Aaron Craft and Shannon Scott are two of the most disruptive defensive guards in the country. Scott and Craft rack up more steals than anyone in the Big Ten and are capable of completely taking opposing guards out of the game. When Fran McCaffery was asked why Devyn Marble wasn’t more involved in Iowa’s game against the Buckeyes last week, he had one answer: “They put Craft on Marble.”

But both players have also had their fair share of offensive struggles. Scott recently volunteered to come off the bench to try to jump start Ohio State’s offense, he’s averaging just 8 points per game in Big Ten play and shooting 24% on threes.

Craft runs a lot of ball screens, and is more effective finding his teammates (either rolling to the rim or spotting up on the wing) than he is scoring for himself. He passes the ball on 65% of his ball screen possessions, per Synergy, and has just a 36% eFG% when he keeps the ball in the pick-and-roll.

Lenzelle Smith Jr. is the most efficient player in the Ohio State rotation. He shoots 52% on twos and 38% on threes. The majority of Smith’s production comes off spot ups, but he’s also comfortable using dribble hand offs and screens.

Sam Thompson has moved into the starting lineup in Scott’s place. Thompson is a 6-foot-7 jumping jack with a serviceable (36%) 3-point shot. He only shoots 48% on twos despite his ridiculous athleticism, but is also an above average shot blocker.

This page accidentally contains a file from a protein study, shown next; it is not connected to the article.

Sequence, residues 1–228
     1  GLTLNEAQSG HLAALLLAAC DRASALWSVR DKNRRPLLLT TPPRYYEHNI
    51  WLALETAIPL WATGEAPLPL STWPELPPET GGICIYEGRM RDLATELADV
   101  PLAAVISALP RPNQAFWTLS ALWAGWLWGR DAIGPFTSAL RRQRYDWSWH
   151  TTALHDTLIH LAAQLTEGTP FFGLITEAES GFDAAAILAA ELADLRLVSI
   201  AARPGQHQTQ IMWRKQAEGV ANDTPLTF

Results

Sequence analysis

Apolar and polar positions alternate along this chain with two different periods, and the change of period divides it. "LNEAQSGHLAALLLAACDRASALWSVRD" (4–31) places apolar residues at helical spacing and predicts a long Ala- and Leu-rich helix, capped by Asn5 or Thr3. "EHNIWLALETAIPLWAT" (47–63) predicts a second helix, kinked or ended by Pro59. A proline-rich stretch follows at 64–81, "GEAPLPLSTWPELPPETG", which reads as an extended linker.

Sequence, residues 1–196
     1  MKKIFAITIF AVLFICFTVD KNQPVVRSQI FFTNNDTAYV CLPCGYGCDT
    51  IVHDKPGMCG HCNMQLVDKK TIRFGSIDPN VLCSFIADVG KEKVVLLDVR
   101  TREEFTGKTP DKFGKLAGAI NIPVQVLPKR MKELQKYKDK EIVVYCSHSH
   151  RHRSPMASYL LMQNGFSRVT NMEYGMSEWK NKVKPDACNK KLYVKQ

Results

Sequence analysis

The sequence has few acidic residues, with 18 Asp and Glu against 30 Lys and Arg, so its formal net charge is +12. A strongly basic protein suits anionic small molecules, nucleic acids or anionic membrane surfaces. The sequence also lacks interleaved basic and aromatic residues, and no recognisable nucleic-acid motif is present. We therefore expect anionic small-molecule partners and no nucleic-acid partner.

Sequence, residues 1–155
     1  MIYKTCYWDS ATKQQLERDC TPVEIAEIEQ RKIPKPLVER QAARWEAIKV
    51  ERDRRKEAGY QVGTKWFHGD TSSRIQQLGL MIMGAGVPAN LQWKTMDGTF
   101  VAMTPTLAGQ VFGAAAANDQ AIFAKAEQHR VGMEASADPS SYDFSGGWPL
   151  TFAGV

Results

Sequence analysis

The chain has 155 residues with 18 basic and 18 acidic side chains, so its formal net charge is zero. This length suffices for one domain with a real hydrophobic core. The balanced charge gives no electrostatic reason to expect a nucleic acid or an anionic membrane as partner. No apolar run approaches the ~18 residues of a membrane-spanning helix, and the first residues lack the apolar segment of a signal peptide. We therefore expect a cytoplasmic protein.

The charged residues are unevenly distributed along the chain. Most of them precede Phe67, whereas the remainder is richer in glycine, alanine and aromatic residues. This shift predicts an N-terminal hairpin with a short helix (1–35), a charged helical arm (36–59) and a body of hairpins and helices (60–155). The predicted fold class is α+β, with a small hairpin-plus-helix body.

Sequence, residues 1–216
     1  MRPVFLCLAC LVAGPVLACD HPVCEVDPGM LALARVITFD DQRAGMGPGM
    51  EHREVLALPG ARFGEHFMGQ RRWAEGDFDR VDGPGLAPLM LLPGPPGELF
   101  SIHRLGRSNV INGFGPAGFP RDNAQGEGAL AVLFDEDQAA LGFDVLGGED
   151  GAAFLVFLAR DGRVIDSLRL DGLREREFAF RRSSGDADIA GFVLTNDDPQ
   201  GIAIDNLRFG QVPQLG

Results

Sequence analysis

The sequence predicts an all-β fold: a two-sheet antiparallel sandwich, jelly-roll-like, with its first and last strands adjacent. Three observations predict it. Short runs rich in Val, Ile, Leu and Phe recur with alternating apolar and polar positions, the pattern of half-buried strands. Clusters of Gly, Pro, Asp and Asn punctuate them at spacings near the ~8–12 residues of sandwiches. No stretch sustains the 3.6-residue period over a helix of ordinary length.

Amir Williams and Trey McDonald are Ohio State’s traditional options at the center position, but Thad Matta won’t hesitate to play small ball with Ross at the five. Williams starts and is an imposing presence on both backboards and one of the better shot blockers in the Big Ten. He makes 61% of his 2-point attempts. A third of his offensive possessions are post ups, where he’s effective, and the rest of his production comes from drop off passes, offensive rebounds and rolls to the basket.

McDonald is a rarely used Michigan native that shoot 54% on twos but is just 9-of-28 (32%) from the free throw line this season. Marc Loving and Amedeo Della Valle both will see playing time off the bench. Loving is another versatile combo forward that’s still refining his game while Della Valle, a former Michigan target, is a 3-point shooter. Nearly two-thirds of Della Valle’s field goal attempts are from 3-point range and he’s a much better shooter from the left wing than the right.

Keys

  • Fix the defense:  Michigan’s defense has allowed .998 points per possession or more in 8 of 11 Big Ten games — that’s not good enough to win. For all of the concerns about what Ohio State’s defense will do to Nik Stauskas and Michigan’s offense, the much bigger concern is whether the Wolverines can stop an average, but improving Ohio State offense. The easy baskets that come from OSU misses or turnovers could also spark Michigan’s offense against the otherwise stellar Buckeye defense.
  • Robinson vs. Ross: LaQuinton Ross had a huge game against Michigan in Ann Arbor last season, and this match up of up-and-down stars could be critical. Other individual matchups might draw more attention, but the winner of the four spot seems like a safe bet to win the game.
  • Win on the glass: Michigan has struggled to rebound the ball in Big Ten games. The Wolverines are ranked eighth in the conference in both defensive and offensive rebounding percentage. Ohio State isn’t a great rebounding team, and Michigan will need a better effort on both ends.

Bottom Line

Under John Beilein, Michigan has won at every Big Ten venue other than Value City Arena in Columbus. Ken Pomeroy’s system gives the Wolverines a 33% chance at the upset, projecting a 65-62 Buckeye victory.